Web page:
However, never-before-released data shows the improper payment crisis is even worse in several states. Improper payment rates have reached staggering proportions that threaten the sustainability of the Medicaid program.
While the national improper payment rate for Medicaid is nearly 22 percent, in some states the situation is far more dire.11 Never-before-released data from state Medicaid agencies reveals that improper payment rates have reached as high as nearly 50 cents for every Medicaid dollar spent in some states.
Equally concerning is that an overwhelming number of improper payments are due to eligibility errors, signaling that these are not simply administrative blunders—but rather serious situations of countless enrollees receiving resources for which they are not eligible.
Ohio’s Medicaid program is nearing insolvency. The program now costs taxpayers nearly $32 billion per year—almost double what it cost a decade ago and more than four times what it cost in 2000.12–13–14–15 These skyrocketing costs have crowded out funds for all other state priorities, as Medicaid now consumes more than half of Ohio’s entire general revenue budget.16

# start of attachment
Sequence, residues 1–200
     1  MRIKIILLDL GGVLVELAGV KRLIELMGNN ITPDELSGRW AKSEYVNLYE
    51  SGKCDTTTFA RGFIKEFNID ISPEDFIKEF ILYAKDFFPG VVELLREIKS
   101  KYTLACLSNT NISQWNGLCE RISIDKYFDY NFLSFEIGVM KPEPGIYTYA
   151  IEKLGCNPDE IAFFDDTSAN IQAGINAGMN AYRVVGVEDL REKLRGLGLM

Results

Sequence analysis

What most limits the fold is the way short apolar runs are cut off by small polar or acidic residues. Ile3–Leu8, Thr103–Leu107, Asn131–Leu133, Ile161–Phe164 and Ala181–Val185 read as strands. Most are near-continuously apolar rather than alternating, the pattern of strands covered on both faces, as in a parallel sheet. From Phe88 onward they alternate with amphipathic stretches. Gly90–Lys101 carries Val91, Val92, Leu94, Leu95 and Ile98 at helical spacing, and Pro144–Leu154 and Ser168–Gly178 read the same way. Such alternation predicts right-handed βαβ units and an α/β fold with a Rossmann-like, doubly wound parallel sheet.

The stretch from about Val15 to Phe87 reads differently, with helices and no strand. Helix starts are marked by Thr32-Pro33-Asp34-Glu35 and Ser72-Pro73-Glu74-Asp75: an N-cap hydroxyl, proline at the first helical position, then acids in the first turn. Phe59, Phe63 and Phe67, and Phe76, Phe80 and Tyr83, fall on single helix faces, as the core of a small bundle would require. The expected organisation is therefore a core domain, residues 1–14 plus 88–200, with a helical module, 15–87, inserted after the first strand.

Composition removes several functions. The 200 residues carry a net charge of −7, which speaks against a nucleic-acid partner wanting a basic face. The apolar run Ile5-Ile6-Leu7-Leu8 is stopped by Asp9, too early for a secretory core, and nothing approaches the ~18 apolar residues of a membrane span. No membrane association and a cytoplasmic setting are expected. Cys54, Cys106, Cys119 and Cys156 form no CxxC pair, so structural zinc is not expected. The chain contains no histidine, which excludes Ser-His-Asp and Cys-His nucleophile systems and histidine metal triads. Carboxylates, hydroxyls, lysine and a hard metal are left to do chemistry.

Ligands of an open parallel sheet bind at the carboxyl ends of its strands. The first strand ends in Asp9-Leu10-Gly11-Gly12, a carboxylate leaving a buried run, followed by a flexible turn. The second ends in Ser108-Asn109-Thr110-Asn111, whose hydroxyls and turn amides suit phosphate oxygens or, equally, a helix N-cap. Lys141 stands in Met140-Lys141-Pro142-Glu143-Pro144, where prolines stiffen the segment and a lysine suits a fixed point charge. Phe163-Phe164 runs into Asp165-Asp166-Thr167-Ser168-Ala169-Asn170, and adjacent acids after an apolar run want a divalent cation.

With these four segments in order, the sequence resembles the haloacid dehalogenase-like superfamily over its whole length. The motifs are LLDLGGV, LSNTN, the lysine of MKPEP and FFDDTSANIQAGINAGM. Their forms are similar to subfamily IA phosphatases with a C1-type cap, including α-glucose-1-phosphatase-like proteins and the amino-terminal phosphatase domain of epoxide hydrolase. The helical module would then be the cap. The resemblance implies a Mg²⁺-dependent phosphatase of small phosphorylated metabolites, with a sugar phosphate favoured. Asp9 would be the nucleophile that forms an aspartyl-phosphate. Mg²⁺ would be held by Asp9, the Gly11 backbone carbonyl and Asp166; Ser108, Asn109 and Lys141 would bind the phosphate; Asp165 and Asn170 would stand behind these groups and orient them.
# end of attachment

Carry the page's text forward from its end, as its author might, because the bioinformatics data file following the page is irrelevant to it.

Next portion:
The pandemic has only made these problems worse, with enrollment spiking by more than half a million people since February 2020.17 As a result, Ohio’s Medicaid program has been plagued by major budget shortfalls, leading to further cuts.18–19
Coupled with Ohio’s Medicaid enrollment and spending crisis is an equally pernicious improper payment crisis. Ohio’s Medicaid improper payment rate is an astonishing 44 percent, more than twice the national average.20 Virtually all of that improper spending—98 percent of it—was caused by eligibility errors.21 At this pace, Ohio’s Medicaid program is on a clear trajectory towards calamity.
Illinois has also struggled with a rapidly growing Medicaid program. The program now costs taxpayers nearly $29 billion per year—more than double what it cost a decade ago and nearly four times what it cost in 2000.22–23–24–25 Enrollment has swelled to nearly 3.9 million people—growing by more than 750,000 new enrollees in just one year.26 As a result, Illinois’s Medicaid program now consumes nearly one in every three dollars in the state budget.27